“Theodore Roosevelt had a small problem. Her name was Alice. Alice Lee Roosevelt was hungry to go places, meet people, and do things! Father called it “running riot.” Alice called it “eating up the world.” What To Do About Alice? written by Barbara Kerley is the fantastic biography of Alice Lee Roosevelt, the oldest child of President Teddy Roosevelt.  Alice was an adventurous girl who ignored public opinion concerning what a young girl should or should not do. She was known as a rule-breaker in an era when women were under great pressure to conform. The American public noticed many of her exploits; she rode in cars, stayed out late partying, and kept a pet snake named Emily Spinach. In 1904 – 5, Alice at age 20, along with her father’s Secretary of War, William Howard Taft,  led the so-called “Imperial Cruise” to Japan,  China, the Philippines and Korea. It was the largest diplomatic mission in U.S. history. Alice Roosevelt was vibrant and colorful and charmed everyone she met. When Alice returned to America she married and became a mother, but never left the political arena or the public eye.

 

The exhausted president commented to his friend, author Owen Wister, “I can either run the country or I can attend to Alice, but I cannot possibly do both.” Theodore Roosevelt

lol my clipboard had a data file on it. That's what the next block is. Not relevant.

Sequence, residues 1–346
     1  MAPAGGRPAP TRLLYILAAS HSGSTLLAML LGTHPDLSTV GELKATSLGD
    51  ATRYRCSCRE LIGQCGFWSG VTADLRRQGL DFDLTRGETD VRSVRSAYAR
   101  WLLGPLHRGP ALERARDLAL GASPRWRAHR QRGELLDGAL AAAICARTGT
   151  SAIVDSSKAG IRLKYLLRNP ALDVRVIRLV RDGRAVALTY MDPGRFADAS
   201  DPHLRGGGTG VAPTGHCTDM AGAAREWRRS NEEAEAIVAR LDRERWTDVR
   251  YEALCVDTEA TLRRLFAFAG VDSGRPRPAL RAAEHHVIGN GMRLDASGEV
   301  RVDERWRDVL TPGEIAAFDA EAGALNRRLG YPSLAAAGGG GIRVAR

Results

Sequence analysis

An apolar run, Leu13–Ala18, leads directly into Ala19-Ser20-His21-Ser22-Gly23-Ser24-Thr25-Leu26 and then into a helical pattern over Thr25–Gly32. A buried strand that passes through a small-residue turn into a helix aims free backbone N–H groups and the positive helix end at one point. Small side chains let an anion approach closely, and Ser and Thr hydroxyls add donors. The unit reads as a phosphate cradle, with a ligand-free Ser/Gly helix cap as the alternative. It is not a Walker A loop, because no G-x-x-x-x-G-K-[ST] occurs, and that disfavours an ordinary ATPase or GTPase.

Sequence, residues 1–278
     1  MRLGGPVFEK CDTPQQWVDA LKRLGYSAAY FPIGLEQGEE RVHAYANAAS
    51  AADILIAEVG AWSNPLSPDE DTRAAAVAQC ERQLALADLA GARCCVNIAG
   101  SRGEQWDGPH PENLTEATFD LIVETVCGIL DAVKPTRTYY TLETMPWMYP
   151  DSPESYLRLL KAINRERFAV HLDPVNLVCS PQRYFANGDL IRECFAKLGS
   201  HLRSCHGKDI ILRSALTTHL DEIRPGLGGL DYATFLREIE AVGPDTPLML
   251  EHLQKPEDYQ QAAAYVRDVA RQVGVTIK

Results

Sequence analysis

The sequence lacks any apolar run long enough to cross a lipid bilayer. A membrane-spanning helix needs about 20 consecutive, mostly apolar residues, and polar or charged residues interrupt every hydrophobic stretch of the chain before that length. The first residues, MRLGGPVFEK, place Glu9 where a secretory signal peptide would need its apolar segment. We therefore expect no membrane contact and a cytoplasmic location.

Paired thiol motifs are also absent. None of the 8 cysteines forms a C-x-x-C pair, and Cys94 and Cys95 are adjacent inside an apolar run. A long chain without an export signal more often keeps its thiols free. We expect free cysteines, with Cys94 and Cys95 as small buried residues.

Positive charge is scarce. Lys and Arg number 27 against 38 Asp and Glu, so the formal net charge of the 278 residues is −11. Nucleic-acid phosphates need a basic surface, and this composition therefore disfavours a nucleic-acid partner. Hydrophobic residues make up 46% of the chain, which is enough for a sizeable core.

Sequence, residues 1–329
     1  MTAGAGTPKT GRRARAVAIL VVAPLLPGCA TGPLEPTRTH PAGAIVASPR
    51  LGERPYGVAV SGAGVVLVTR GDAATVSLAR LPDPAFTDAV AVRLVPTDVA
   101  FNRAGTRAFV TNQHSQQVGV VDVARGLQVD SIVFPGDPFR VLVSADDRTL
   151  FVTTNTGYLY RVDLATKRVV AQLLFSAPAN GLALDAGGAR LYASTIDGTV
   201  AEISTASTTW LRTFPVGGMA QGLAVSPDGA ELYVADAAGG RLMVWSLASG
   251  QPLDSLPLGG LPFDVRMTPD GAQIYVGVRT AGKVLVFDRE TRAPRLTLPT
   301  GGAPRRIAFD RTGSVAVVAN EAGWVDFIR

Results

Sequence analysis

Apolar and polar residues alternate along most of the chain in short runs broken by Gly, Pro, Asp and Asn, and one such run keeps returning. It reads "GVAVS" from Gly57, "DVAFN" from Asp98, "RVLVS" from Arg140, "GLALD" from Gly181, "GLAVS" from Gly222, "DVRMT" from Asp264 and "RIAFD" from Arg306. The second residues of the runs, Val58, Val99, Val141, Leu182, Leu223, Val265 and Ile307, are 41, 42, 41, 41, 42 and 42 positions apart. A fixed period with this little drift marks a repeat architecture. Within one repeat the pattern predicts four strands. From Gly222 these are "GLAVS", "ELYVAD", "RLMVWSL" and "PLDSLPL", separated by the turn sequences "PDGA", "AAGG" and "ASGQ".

Critical Analysis

Barbara Kerley’s biography of Alice Lee Roosevelt Longworth, What To Do About Alice? is a great book for young girls (and boys). This biography is often a little exaggerated but does not fall into historical fiction. This is a nonfiction book with a larger-than-life person as its subject. The author used actual events and history to write this biography and Alice Roosevelt’s character and personality are captured on paper for all to read. Edwin Fotheringham’s illustrations are so large and playful that they go perfectly with the text provided by Ms. Kerley. The illustrator used bright colors to make the book entertaining and interesting. The dust jacket shows Alice crazily riding her bike across the White House lawn and it invites the reader to open the book and read about Alice and her antics.